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Sit-in slows down UG; industrial action may continue for weeks

University of Guyana workers meet to further discuss their grievances.

University of Guyana (UG) staffers Monday commenced sit-in action which they say could last as many as two weeks if their demands remain unmet.

The sit-in, which is to run until Wednesday, became imminent after UG Vice Chancellor Jacob Opadeyi failed respond favorably to, among other things, a 60% wage increase by a deadline last week.

Caribbean News Desk understands that most academic and non-academic staff across the campus turned up to work but did nothing. Many lecturers also refused to teach, although some simply met with students for a few minutes before dismissing classes. There was also a notable scarcity of students on campus as many opted to stay home. Many eventually turned out for a meeting with University of Guyana Student Society (UGSS) Monday afternoon.

President of the University of Guyana Senior Staff Association (UGSSA), Melissa Ifill, during a meeting Monday, told the academic staff her union represents, and the non-academic staff represented by the University of Guyana Workers Union (UGWU) that the sit-in has had a measure of success.

Attempts to contact Opadeyi for an assessment of how the university’s work was affected were unsuccessful. During today’s meeting UG staffers said that if Council, by Wednesday, meets and instructs a team to recommence negotiations for an increase in wages they would be willing to end the sit-in and return to work. Unless such is done however, the industrial action will continue.

Ifill told staff members that Opadeyi today “made a number of proposals which he hopes will lead to us calling of action that we are currently on.” Opadeyi reportedly proposed to have the administration call a Council meeting in two weeks at which permission will be sought to continue wage negotiations. The VC is reportedly still requiring that the UGWU negotiate on behalf of both academic and non-academic staff since, unlike the UGSSA, it is recognized under the Trade Union Recognition Act. Staff members chided the proposal, especially since they do not believe it has been have been sanctioned by Council.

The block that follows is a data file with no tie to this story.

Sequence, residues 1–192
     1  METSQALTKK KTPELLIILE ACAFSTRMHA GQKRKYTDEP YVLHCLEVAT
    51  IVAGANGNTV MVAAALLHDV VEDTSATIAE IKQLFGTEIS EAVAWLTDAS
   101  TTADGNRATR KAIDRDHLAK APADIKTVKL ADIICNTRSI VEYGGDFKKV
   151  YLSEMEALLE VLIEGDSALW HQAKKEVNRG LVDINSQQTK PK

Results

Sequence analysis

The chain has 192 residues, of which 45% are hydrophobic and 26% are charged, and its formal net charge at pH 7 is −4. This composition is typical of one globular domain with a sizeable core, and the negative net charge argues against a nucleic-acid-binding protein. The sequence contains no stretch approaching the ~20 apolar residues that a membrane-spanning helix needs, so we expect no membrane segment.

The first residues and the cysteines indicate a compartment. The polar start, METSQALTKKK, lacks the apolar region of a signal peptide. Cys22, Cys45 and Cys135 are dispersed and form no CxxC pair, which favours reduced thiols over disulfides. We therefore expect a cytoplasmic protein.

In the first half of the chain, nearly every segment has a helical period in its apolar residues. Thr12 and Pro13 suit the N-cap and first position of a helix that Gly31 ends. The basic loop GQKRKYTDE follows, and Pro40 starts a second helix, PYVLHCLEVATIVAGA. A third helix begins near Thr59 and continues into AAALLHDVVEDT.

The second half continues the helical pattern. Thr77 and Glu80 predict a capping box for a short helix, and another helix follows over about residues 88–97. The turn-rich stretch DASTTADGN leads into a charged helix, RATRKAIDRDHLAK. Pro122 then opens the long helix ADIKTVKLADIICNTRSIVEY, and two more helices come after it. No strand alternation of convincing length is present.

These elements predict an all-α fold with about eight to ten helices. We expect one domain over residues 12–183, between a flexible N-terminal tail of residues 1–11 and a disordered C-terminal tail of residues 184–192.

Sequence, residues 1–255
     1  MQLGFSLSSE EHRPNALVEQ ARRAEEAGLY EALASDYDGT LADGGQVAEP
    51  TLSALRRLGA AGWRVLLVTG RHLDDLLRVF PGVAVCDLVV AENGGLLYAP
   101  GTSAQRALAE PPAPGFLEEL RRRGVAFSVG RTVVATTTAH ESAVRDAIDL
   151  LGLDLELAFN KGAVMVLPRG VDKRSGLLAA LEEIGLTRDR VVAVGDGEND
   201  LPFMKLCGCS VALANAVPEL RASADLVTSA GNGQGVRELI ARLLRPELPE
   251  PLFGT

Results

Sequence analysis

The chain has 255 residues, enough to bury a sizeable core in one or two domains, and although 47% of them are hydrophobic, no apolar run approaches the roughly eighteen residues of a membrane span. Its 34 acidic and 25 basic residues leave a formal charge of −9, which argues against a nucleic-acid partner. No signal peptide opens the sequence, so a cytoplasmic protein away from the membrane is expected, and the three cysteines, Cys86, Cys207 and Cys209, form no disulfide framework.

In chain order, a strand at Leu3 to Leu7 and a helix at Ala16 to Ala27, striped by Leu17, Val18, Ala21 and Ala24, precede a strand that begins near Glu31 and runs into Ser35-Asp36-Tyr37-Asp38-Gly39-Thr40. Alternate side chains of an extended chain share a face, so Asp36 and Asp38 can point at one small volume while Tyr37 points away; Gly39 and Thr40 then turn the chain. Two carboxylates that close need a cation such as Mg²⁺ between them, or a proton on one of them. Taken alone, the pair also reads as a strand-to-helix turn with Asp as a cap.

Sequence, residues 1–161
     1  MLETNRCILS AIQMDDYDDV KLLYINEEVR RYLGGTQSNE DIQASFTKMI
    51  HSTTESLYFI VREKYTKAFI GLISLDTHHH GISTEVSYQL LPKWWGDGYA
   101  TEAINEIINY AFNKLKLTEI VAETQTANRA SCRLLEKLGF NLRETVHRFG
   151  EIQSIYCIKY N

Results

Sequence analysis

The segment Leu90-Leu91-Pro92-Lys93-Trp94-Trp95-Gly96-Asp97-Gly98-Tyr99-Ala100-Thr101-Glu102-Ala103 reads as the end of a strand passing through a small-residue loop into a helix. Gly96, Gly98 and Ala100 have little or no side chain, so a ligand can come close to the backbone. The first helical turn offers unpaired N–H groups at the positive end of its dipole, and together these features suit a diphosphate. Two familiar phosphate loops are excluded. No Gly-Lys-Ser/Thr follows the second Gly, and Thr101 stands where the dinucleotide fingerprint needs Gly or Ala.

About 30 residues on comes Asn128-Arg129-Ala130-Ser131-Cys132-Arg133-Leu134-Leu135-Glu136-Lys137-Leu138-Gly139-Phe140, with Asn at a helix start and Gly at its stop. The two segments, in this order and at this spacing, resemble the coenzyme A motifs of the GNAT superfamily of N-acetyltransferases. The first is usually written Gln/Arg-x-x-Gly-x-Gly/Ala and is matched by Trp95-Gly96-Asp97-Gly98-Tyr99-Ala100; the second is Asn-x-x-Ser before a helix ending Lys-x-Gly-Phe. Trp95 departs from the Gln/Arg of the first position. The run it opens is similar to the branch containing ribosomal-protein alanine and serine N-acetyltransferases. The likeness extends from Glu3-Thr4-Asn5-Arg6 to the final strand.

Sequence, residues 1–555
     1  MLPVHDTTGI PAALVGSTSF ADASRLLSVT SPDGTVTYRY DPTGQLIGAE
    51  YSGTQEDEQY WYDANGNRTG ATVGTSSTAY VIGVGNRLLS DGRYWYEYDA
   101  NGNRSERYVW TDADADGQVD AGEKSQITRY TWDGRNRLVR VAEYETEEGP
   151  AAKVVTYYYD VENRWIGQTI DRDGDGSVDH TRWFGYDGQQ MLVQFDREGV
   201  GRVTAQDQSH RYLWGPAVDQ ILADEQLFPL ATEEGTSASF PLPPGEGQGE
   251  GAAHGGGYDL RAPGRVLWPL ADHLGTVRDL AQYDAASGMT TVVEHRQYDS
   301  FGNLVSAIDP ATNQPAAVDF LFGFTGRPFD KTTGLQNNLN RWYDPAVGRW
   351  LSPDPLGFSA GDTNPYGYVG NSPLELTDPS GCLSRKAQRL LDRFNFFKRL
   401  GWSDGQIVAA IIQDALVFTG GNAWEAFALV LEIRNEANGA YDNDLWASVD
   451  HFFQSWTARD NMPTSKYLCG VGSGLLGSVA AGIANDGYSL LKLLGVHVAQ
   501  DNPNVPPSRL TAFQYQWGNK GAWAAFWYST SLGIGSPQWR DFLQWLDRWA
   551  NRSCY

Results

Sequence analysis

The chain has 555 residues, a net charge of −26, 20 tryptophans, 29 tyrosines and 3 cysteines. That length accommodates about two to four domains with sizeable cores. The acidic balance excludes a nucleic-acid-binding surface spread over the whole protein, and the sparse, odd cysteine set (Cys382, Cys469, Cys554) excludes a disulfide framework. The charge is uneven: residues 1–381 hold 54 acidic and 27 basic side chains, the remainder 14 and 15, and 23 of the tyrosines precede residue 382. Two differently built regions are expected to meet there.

As such, not only are the staffers asking that Council give a formal commitment that Opadeyi has its blessings to make the proposal, but they have resolved to maintain industrial action until Council meets.  

“I think we should hold out until council meets,” suggested one staff member. This suggestion was greeted with thunderous applause. Another staff member said that “two weeks are two long. “No work until two weeks. You know how long Geology and Mines protesting? Them people still on the road, they still on this road,” another staff member noted.

In the event that Council does not meet in two weeks there has been a recommendation to maintain industrial action until such a meeting takes place. President of the University of Guyana Students Society (UGSS), Joshua Griffith, attended the meeting and he pointed out that students will suffer in the event of indefinite industrial action. He thus asked the unions if they would push for an earlier council meeting. “We cannot accept two weeks with no class,” Griffith stated, and promised to write the VC asking him to call a Council meeting earlier than initially scheduled.

Meanwhile, Sheldon McDonald, head of UG’s Law Department, has advised the unions that they may have a legal case against the administration on its sudden refusal to negotiate with the UGSSA. “The university negotiated in the past with the UGSSA over a continuous period, the union and the membership can rely on that up to and including in a court of law,” McDonald posited.  

Despite engaging in talks with the UGSSA since 2012 on wage increases, UG’s Council, last year, withdrew the remit of the negotiating team which was in talks with the unions.

McDonald said that the sudden decision to not negotiate with the UGSSA “is flagrantly illegal” and “mala fides.” He suggested that the unions have their legal advisors write the administration pointing out that “they are estopped” from taking the action they have proceeded to take. He further suggested that “the members of the public ought to be properly told of the nastiness, just the procedural ‘wutlessness’ (worthlessness) that is being visited against us.”